|Which came first - the rabbit or the egg?
It’s Easter in the UK and the shops are full ofEaster eggs,hot-cross bunsandEaster bunnies.
Although Easter is widely seen as a Christian festival which celebrates theresurrectionof Jesus, its origins pre-date Christianity and many of itssymbolscome from the earliest civilisations.
Our modern festival’s roots lie in ancientseasonal ritualswhich marked the transition from the "death" of winter to the new life andrebirthof spring.
These days we give chocolate eggs as gifts at Easter but eggs have beensymbols of fertilityfor thousands of years.
Theancient Persiansgave each other painted eggs for the festival of Nowrooz, a celebration held at thespring equinoxwhich marked the start of Persian New Year. The tradition continues to this day.
Centuries ago the earlySaxonpeople markedbunswith a cross to honour theirgoddessEostre, whose name some people believe to be the origin of the word Easter. It is believed that early Christians incorporated suchpaganfestivals into their religion.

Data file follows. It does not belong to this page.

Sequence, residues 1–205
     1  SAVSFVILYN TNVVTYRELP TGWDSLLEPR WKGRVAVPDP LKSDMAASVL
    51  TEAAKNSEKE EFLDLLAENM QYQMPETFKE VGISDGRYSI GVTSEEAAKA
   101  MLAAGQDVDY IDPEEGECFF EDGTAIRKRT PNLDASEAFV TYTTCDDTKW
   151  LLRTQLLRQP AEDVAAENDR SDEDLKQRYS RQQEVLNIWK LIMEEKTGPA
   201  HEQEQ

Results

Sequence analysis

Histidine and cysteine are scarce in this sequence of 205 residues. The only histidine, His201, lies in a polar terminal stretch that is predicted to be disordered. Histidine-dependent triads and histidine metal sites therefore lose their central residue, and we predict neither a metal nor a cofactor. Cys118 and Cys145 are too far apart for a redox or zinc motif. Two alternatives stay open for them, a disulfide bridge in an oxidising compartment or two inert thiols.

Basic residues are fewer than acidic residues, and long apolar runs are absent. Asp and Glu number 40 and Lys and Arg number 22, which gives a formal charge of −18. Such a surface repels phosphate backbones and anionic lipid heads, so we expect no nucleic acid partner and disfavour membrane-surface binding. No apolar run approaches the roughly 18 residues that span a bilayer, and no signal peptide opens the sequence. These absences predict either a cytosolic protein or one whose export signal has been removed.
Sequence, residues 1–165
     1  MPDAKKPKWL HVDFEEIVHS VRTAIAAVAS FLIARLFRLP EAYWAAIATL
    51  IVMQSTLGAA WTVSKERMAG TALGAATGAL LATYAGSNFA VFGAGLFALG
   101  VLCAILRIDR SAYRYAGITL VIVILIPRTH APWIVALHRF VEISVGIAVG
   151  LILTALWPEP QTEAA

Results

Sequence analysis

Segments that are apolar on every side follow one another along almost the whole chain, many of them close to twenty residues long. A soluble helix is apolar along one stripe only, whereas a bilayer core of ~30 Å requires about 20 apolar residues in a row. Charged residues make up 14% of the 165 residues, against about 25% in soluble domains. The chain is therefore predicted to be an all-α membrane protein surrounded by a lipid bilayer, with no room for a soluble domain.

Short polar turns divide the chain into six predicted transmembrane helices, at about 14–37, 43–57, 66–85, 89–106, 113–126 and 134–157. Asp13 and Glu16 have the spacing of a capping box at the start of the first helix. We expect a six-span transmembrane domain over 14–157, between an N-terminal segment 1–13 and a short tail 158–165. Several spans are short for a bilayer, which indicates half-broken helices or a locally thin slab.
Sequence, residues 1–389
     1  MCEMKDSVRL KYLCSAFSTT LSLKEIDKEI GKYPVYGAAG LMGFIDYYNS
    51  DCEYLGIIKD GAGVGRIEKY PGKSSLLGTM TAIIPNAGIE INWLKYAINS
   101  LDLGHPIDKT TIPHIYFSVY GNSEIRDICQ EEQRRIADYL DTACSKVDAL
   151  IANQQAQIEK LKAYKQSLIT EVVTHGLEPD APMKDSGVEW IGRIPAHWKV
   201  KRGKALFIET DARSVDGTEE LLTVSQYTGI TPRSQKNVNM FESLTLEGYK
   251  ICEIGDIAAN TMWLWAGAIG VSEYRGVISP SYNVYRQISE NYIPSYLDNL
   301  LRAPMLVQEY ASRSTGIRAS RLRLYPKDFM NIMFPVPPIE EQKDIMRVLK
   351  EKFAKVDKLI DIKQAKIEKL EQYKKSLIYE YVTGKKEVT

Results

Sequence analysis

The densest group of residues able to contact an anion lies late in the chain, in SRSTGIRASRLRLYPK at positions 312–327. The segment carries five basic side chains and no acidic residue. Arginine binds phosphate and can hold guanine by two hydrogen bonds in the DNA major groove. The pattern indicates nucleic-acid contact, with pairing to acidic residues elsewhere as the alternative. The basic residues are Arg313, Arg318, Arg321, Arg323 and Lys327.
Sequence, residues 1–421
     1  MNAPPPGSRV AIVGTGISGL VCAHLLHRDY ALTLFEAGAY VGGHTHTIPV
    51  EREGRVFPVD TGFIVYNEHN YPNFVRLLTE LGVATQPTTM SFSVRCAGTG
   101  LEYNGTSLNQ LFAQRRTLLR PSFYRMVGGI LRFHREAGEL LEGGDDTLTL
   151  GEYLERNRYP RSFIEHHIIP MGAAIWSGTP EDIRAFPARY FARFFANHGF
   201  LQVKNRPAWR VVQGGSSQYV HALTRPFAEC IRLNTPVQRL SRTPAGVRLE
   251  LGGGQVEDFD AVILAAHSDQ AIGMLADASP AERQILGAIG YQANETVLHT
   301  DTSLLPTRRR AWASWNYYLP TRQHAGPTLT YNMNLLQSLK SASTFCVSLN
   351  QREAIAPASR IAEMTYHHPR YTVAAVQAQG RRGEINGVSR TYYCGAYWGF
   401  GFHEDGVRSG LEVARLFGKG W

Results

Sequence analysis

Some experts say the Easter bunny was originally ahareas this animal represented fertility and growth in paganmythologydue to its capacity for reproduction. Moreover, in some ancient cultures the hare was also a symbol of the moon, which is significant as the date of Easter changes each year depending on thelunar cycle.
The Easter bunny has become an important symbol of Easter all over the world. But nowadays not everybody treats such symbols with respect.
Prankstersin the Austrian town of Villach have stolen a giant Easter Bunny from the town square. Local police say it should not be too difficultto spotas it is two metres tall and weighs 60kg.